The launch of the second MKA-FKI mission was planned as a piggyback with the Meteor-M No. 2 primary payload, according to the Roskosmos decision on June 20, 2012. It was to be deployed in a 800-kilometer sun-synchronous orbit, where it was expected to function for at least three years. Around the same time, various publications promised the launch of the spacecraft in 2013. As of May 2013, the launch of the spacecraft was expected at the end of September, however it was unclear weather the failure of the first Karat satellite would affect the schedule.
For the Russian science the Relek experiment would continue space-based research started by Koronas-I and Koronas-F missions, which also carried sensors developed by NIIYaF nuclear physics institute. (596)
Preparations for launch
On March 14, 2014, the Space Council of the Academy of Sciences, officially rejected the use of the Karat platform for all but the Relek experiment. In the meantime, the testing of the flight-worthy Relek spacecraft was completed on April 30 and its was delivered to Baikonur on May 6. At the time its launch along with a Meteor-M No. 2 satellite was scheduled for June 19, 2014.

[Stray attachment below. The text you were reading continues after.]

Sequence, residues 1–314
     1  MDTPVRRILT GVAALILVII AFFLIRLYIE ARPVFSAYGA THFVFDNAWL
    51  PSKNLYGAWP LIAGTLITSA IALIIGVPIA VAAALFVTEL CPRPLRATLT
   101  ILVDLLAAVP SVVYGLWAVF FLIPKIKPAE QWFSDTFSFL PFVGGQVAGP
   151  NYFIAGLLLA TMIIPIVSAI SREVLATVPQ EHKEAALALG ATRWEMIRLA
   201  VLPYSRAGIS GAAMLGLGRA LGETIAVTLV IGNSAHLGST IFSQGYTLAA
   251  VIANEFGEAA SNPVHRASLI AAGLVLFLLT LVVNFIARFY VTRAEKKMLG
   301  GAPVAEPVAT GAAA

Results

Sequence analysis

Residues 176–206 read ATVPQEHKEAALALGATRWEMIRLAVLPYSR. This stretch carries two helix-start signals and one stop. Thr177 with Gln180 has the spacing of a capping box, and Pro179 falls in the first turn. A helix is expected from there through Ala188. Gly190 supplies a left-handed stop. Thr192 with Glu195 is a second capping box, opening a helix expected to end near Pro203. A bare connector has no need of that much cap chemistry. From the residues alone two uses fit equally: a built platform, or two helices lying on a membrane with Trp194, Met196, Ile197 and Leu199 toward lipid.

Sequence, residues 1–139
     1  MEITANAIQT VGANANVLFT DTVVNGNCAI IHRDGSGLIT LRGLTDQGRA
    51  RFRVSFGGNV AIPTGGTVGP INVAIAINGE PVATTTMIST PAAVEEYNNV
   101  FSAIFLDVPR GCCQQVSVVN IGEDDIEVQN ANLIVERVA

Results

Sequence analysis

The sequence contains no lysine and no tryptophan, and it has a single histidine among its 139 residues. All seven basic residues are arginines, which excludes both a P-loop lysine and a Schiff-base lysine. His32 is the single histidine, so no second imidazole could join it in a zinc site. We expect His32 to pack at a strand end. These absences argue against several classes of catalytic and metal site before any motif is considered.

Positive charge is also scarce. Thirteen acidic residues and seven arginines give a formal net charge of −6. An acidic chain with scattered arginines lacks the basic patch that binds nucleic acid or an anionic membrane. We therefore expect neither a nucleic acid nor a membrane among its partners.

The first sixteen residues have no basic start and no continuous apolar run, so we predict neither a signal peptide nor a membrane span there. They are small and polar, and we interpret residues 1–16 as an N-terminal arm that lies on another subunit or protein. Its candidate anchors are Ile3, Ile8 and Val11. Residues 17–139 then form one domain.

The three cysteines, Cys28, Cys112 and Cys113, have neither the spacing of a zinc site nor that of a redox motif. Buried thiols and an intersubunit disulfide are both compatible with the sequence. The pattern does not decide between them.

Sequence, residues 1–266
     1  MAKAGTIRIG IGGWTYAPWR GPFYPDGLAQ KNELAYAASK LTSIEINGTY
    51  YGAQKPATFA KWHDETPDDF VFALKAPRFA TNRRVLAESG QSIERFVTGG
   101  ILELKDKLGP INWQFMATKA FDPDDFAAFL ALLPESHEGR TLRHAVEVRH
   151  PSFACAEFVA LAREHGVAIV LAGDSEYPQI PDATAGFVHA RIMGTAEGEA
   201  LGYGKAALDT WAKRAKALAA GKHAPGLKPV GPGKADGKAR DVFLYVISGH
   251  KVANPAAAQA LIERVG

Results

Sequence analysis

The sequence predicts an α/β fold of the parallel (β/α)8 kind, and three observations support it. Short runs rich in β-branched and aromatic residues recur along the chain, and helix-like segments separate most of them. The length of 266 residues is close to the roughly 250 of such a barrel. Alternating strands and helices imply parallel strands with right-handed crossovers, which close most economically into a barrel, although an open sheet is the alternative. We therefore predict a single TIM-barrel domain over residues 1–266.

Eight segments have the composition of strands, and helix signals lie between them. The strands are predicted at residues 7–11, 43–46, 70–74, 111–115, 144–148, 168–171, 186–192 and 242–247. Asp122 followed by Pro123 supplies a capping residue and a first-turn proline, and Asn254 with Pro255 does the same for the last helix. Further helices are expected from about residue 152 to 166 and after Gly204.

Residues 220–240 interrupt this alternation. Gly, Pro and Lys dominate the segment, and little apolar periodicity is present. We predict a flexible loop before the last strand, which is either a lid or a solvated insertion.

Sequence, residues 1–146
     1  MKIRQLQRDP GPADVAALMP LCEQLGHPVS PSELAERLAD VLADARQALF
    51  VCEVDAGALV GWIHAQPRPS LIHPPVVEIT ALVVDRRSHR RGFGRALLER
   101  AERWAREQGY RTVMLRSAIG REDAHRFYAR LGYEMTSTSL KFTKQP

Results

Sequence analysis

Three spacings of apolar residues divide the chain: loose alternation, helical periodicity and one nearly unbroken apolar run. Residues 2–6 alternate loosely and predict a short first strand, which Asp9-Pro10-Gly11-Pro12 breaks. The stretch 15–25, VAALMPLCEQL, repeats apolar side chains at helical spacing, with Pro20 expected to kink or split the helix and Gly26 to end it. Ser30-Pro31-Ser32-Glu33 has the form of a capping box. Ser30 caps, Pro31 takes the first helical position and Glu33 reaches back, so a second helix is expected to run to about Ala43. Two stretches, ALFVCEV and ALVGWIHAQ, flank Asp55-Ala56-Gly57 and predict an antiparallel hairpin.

Above: A Soyuz rocket lifts off with a cluster of satellites, including MKA-FKI (PN2) Relek, on July 8, 2014.
The MKI-FKI (PN2) Relek spacecraft was launched on July 8, 2014, along with six other payloads on a Soyuz-2-1b/Fregat booster and was successfully released into a 825 by 633-kilometer orbit with an inclination 98.38 degrees toward the equator at 21:39:15 Moscow Time on the same day. According to posters on the online forum of the Novosti Kosmonavtiki magazine, the spacecraft established contact with ground control soon after its release from the Fregat upper stage and deployed its antenna for radio-frequencies analysis, RChA, by July 19.
On July 21, 2014, NPO Lavochkin, which built the Relek spacecraft, finally issued a press-release on the mission, stating that the company's specialists had initiated the first phase of the satellite's flight testing. They stabilized the position of the spacecraft along a single axis and made test trials with the three-axis orientation. Ground controllers were in process of correcting a clock onboard the satellite and conducted measurements of its actual orbit based on data from the autonomous onboard navigation system. They also made test activations of scientific instruments onboard the spacecraft.
All nominal equipment onboard the satellite is in operational state and performs its functions, NPO Lavochkin's press-release said.